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Augments, straw-men and techno-optimism
(05-16-2015, 03:28 AM)Rynn Wrote: That's a fair point Todd, though I feel that one could write a story without being totally one or the other.

And I'm not disagreeing with youSmile I'm just pointing out some of the challenges that go with writing this sort of story and that likely contribute to such being rare. To add to that list:

a) An author would need to keep the reader's interest across a fairly significant chunk of the book describing the failures and incremental progress. For historical figures, such as Thomas Edison, this sort of thing can be done (has been done) successfully for readers who like that kind of thing. Doing it for a future/fictional tech would be challenging.

b) An author would likely need to juggle or sequentially introduce and work with a variety of characters over the course of the story. Real science research and development is usually a team oriented kind of thing these days, not the work of a single genius laboring alone in a lab. But look at how much fiction has depicted the latter vs the former. In part because it's probably easier to write about 1-3 characters and also keep the reader interested in them.

c) The author would need to have a very broad and deep understanding of the science or tech being developed, either based on RL science or by working out a detailed fictional science (physics, chem, whatever) to base the fictional tech on.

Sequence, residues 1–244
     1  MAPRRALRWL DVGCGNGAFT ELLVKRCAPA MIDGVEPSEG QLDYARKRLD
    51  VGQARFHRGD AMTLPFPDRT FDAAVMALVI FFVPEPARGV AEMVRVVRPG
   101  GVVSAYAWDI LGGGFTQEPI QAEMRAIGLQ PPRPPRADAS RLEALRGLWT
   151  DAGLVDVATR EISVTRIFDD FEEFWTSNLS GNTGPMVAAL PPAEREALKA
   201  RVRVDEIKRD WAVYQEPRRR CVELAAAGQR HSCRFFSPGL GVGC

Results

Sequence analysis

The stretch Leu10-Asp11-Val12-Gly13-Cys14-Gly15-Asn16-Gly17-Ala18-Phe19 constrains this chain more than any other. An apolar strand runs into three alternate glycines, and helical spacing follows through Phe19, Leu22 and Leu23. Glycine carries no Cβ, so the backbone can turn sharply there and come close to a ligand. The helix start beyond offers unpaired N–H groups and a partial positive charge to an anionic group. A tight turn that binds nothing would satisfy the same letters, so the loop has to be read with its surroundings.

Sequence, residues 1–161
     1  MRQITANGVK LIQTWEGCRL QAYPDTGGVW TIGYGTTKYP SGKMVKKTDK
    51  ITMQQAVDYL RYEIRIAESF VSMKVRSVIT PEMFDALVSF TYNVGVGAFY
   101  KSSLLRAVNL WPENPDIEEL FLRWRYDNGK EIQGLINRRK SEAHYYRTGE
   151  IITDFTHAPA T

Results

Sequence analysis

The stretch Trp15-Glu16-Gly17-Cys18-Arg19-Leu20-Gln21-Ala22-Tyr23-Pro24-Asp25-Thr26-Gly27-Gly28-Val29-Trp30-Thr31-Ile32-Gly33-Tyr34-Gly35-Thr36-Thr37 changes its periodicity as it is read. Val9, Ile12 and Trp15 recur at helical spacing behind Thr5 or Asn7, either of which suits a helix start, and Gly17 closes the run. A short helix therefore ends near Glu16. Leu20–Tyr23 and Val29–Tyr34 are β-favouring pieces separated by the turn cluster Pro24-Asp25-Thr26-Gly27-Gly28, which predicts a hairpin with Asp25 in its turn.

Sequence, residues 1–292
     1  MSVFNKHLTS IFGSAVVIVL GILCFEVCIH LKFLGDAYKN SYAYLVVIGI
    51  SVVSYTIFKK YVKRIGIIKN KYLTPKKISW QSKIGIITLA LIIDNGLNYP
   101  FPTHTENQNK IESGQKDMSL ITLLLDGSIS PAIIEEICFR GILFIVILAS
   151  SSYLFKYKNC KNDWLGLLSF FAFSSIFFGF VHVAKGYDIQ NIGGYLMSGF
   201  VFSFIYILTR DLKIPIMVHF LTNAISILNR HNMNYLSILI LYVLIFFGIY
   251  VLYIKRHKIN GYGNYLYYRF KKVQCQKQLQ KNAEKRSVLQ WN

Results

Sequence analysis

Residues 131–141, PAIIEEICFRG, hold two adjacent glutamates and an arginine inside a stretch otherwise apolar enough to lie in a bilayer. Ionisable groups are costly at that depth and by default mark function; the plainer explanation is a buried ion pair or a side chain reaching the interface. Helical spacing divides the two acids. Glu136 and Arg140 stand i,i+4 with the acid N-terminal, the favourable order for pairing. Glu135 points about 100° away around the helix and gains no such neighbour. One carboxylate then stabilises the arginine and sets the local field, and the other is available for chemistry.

You're our resident expert on RL nanotech - how much effort would it take you to map out a development path from where we are now to full Drexlerian nanotech or something like it? Including realistic failures and difficulties and how they are eventually figured out and overcome?

Not saying it couldn't be done/hasn't been done, just that it's probably not easy.

Speaking of it 'being done', in my experience these types of stories were more common in the past and often dealt with things like spaceflight and the development of the solar system. Possibly because the engineering of such (even the theoretical bits) was pretty well worked out in many cases. Also because it was generally accepted that progress would be difficult and take some time. Although even there, a lot of the stories often focused more on the human difficulties (funding, politics, relationships in closed environments far from home) than the technical per se.

(05-16-2015, 03:28 AM)Rynn Wrote: For example; a story on the impact of tech that has as a major part of the settings history a long period of notable failures. Alternatively the long story could happen but with the story/series skipping over time, kind of how the Mars Trilogy covers 200 years by frequently skipping a few years or decades between chapters.

I've seen stories that do this, particularly the later option. Note that the Mars Trilogy is sort of an example of what I'm talking about. It takes three whole books to tell everything (and made me practically feel like I'd lived through those 200yrs). How many authors have the wherewithal to write that much and how many publishers to produce it?

In terms of other books that have done this somewhat successfully, I would suggest the following:

The Crucible of Time by John Brunner

Dragon's Egg by Robert L. Forward

Interestingly, both of these are about non-human races developing technology rather than humans inventing something new. I'm sure there are others, just can't recall them atm.


Messages In This Thread
Augments, straw-men and techno-optimism - by Rynn - 05-16-2015, 01:07 AM
RE: Augments, straw-men and techno-optimism - by Drashner1 - 05-16-2015, 12:28 PM
RE: Augments, OT - by quakfusion - 06-01-2015, 01:12 PM

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